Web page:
February 15, 2017
Vienna, VA
Jammin’ Java
Story and photos by Paul Muirhead Photography

Warm sunny days in winter, new product releases from Apple, and Brave concerts: things that we collectively wish would happen much more often but are nonetheless content when they happen at all.  Over the past few months we mid-Atlantic music fans have been treated to three consecutive acoustic shows from Brave, a unique progressive melodic rock/metal band from the greater Washington, DC, area, and their latest show was a half-hour set that warmed up the crowd for Geoff Tate (of Queensryche fame) on his national tour.

Geoff Tate is currently giving his fans an intimate glimpse into his life and music by playing a kind of acoustic storyteller set of hits throughout the decades.  Though many of his fans are familiar with national progressive rock acts, many were unacquainted with Brave, who have opened for bands like Opeth, Lacuna Coil, and Savatage.  As I meandered through the venue to scout discreet vantage points from which to take pictures, I engaged some of the audience members in brief chats.  They first wanted to know if I was working for Geoff Tate directly or for a local media outlet.

“Neither,” I replied.  “I’m hired by bands to shoot their concerts or studio pictures, and tonight I’m working for Brave.”  The suddenly blank looks staring back at me were an opportunity to continue.  “They’re the opening band tonight.  They’re a female-fronted melodic prog band that doesn’t fit into any single category.  You’re in for a treat!”

Reassured, encouraged, and optimistic, those fans turned to relay my report to their friends or dates, and soon the crowd swelled to Jammin’ Java’s capacity of just over 150 patrons before Brave took the stage…with a twist: because Mr. Tate plays an acoustic set, he requests that his opening acts also play acoustically to complement his show.  And so acoustic they would go!

Brave were prepared, having recently played two other local acoustic shows.  However, for the first time in their career, they played an acoustic set and, at the request of Mr. Tate, they played without a drummer.  Because the headliner’s percussionist only plays a cajón, Brave were asked to not only omit their standard drum kit but—on the morning of the concert—they also were asked to forgo a cajón in order to distinguish the sounds of the two groups.  Stripped to (less than) their core elements, Brave gracefully took everything in stride and “allowed” their drummer and co-founder, Trevor Schrotz, to enjoy the unique experience of a Brave concert from the audience.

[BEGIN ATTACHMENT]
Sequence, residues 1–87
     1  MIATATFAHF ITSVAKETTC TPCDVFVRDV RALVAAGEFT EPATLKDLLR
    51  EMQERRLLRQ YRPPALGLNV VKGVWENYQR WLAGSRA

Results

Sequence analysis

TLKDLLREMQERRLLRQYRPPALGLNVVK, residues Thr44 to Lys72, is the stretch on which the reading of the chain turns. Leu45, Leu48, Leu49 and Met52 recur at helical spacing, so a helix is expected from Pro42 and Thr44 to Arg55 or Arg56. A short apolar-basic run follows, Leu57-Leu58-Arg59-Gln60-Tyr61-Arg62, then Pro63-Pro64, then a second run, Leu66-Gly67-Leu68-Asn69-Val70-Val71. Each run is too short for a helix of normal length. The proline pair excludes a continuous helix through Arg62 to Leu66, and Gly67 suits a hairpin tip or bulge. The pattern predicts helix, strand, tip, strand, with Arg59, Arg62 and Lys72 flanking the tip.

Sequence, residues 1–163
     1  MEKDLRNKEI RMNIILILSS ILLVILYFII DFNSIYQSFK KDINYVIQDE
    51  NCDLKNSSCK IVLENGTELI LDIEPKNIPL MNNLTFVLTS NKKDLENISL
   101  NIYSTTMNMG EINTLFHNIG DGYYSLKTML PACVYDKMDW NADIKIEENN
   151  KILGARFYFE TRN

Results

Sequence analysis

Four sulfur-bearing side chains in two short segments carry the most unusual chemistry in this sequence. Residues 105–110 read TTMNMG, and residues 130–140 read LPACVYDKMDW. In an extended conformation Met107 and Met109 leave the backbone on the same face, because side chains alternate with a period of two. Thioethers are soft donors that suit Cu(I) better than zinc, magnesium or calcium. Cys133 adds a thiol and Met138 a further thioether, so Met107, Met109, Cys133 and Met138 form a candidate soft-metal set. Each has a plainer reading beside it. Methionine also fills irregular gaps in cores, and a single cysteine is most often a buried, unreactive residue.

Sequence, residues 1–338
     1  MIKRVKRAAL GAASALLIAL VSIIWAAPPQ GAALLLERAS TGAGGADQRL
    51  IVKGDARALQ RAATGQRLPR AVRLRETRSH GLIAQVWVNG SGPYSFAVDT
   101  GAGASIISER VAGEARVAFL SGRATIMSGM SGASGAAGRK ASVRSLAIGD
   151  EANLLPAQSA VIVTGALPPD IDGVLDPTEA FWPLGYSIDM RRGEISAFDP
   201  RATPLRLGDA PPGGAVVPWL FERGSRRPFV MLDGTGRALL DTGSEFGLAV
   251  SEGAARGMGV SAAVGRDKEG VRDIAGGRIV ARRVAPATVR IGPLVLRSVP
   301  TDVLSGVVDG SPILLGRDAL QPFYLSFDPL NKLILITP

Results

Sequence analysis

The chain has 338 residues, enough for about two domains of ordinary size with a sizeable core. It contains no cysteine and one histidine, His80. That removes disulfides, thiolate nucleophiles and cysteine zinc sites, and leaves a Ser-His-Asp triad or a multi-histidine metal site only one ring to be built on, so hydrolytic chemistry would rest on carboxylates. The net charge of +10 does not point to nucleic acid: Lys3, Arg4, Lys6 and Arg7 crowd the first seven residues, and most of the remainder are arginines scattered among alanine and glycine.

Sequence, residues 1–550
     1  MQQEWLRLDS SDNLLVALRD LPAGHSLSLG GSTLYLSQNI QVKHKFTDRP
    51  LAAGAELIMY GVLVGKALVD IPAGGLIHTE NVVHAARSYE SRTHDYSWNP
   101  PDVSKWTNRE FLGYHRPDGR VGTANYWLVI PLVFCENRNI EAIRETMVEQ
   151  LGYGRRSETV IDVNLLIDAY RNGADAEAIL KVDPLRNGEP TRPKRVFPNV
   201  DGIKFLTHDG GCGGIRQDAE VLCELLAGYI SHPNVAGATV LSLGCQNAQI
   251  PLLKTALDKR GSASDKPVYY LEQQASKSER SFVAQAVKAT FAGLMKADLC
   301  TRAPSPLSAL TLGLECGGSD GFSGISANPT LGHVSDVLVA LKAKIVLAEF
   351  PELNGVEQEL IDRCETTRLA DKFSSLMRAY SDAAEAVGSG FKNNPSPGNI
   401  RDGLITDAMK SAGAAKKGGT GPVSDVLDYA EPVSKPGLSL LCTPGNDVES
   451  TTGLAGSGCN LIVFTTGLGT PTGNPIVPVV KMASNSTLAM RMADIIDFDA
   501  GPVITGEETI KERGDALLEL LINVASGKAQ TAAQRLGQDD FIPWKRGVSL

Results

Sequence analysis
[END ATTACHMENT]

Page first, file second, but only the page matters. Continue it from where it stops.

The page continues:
Brave took their places on stage, and the crowd warmly welcomed them.  Guitarist Scott Loose (pronounced LOW-zee) and electric-violinist Suvo Sur lined up stage left, and guitarist Matt Kozar and bassist Ben Kelly filled in stage right, all of whom played bookends to the tall and lovely world-class vocalist, Michelle Loose Schrotz, who left her keyboards packed away for this minimal acoustic set.

When this band puts together a set list, they have two decades’ worth of music (most of which is available on iTunes) from which to select songs.  Indeed there were some young folks in the audience who weren’t born when Brave’s first CD was published.  (Sorry for the gut punch, folks.)  With such a catalog at their disposal, you’d think it would be easy to fill just 30 minutes, but Brave has morphed over the years—both as a band and as individuals.  Life’s events have influenced their music and their message, and when we consider that some songs lose their strength when played acoustically, the difficulty of choosing a set list becomes clearer.

After Scott addressed the audience, Brave set off their acoustic set with “No Gravity”, a new instrumental that has not yet been released.  Two guitars, a bass, and a violin introduced Queensryche fans to something unique, and they noticed.  Heads bobbed and feet tapped as Brave began to win over the crowd.

They transitioned smoothly into their next song, “I Will Wait,” another yet-unreleased song which gave the audience its first taste of Michelle’s powerful and melodious voice.  Whether intentional or not, she has earned a signature style in the way that she transitions into and out of falsetto with grace.